Moaddel M. 1996. “The Social Bases and the Discursive Context of the Rise of Islamic Fundamentalism: The Cases of Iran and Syria.” Sociological Inquiry August: 330-55.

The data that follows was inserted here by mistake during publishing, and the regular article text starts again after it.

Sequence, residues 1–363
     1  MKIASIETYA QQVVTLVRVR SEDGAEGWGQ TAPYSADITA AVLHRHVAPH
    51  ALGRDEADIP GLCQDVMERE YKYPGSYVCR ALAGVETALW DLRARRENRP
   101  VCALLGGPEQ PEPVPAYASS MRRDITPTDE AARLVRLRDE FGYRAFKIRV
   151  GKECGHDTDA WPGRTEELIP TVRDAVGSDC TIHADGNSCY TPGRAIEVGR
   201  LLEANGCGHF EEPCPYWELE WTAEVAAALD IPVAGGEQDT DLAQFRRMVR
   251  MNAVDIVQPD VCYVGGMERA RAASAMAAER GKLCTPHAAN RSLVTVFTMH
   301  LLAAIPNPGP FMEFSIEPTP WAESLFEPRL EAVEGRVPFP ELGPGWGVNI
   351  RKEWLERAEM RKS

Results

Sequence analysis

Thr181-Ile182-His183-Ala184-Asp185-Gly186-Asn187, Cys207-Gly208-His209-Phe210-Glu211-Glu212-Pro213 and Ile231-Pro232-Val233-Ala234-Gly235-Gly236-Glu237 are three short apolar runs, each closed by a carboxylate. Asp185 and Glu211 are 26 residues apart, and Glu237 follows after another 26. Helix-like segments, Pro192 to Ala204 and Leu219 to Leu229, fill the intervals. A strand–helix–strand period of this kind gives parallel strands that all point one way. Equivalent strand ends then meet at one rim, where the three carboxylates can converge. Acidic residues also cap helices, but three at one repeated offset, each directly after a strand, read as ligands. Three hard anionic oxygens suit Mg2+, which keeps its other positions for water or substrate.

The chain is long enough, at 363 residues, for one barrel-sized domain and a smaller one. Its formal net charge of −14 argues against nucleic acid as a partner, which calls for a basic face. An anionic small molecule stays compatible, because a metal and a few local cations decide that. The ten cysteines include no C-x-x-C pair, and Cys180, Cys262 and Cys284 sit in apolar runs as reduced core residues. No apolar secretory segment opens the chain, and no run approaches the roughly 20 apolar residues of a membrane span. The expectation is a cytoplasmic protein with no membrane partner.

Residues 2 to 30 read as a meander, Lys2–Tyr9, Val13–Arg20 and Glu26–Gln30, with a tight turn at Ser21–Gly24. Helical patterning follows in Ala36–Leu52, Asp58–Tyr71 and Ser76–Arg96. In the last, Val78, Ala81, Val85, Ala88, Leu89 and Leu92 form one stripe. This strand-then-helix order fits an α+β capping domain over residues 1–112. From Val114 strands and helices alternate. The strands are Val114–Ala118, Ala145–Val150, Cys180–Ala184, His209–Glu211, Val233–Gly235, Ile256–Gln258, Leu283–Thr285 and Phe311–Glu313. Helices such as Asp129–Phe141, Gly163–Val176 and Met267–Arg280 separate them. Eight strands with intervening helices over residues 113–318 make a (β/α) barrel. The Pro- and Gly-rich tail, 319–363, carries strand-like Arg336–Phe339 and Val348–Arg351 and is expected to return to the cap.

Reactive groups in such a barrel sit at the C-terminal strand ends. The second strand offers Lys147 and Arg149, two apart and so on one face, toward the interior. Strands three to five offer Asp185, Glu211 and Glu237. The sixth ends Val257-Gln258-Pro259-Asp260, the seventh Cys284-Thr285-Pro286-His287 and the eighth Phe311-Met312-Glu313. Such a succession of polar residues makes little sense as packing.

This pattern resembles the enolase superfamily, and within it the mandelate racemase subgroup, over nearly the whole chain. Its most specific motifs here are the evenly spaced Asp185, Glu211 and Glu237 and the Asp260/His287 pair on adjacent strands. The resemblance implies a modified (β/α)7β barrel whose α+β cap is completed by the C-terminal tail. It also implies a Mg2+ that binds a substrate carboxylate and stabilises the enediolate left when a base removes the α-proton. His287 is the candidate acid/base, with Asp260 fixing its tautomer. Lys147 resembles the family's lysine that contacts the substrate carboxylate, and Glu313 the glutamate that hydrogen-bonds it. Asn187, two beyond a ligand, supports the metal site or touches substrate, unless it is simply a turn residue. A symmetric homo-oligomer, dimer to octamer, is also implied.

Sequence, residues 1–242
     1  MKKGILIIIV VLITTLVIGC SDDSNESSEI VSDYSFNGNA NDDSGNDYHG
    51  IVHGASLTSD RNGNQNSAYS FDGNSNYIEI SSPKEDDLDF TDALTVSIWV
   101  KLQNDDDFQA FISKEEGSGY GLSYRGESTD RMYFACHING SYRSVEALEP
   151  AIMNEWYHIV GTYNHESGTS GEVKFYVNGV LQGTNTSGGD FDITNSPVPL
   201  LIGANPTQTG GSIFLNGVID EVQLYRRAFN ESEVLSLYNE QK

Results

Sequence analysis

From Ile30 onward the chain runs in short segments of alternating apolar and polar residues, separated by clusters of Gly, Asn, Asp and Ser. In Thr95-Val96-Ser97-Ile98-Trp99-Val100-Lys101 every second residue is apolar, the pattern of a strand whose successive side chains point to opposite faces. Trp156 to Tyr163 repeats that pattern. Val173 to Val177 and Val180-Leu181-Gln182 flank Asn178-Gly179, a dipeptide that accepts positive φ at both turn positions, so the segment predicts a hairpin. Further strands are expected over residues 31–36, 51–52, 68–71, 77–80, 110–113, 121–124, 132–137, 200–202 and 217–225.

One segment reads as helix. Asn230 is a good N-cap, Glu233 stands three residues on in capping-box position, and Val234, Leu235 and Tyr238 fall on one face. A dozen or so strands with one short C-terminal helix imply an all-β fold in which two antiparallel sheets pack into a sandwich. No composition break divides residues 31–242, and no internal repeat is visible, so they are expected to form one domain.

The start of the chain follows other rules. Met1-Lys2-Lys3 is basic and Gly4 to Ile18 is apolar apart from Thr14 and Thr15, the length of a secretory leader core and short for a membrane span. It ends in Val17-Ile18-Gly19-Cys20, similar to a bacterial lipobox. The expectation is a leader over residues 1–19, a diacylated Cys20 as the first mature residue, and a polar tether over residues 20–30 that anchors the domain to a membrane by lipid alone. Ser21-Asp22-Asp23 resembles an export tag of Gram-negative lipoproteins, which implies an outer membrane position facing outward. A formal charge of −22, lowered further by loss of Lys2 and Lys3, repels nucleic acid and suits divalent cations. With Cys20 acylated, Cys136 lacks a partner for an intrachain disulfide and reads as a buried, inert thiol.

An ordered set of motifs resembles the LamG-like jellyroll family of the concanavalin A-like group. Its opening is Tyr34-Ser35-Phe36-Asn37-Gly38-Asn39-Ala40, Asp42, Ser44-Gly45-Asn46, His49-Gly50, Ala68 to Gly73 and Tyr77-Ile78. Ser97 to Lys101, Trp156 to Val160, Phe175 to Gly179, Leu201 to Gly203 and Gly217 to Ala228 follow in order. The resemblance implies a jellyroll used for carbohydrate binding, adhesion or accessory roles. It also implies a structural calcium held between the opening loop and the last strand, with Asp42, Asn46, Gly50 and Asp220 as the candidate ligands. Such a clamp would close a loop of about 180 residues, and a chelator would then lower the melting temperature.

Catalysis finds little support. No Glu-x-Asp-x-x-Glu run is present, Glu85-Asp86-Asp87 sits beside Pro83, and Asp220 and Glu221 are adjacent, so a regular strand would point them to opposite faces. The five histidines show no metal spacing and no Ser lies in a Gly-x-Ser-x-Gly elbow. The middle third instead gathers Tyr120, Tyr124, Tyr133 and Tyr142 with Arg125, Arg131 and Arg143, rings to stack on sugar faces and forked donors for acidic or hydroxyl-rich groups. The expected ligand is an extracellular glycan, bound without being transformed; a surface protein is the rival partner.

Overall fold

This article focuses on the socioeconomic and political context of the 1950s and 1960s to explain the rise of fundamentalism in Iran and Syria. I argue that Islamic fundamentalism in these countries gained support from certain traditional property-owning classes who were antagonized by the state economic policies and bureaucratic expansion and by the state’s effective suppression of the ideological and political pluralism of the earlier period. The state’s repressive policies channeled oppositional politics through the medium of religion. I further argue that the more immediate determinant of Islamic fundamentalism was the state’s ideology and its intervention in culture production. The state shaped the identity of the opposition and structured the kind of argument the opposition formulated against it. On the basis of the empirical cases of Iran and Syria, I argue that conceptualizing ideology as a discourse resolves some of the difficulties involved in the subjective/psychological conception of ideology in the analysis, assessment, and understanding of the way ideology is produced and its role in social process, particularly when only historical materials are available. I also argue for treating ideology as an autonomous category with a dynamic of its own. Finally, I suggest a model of ideological production.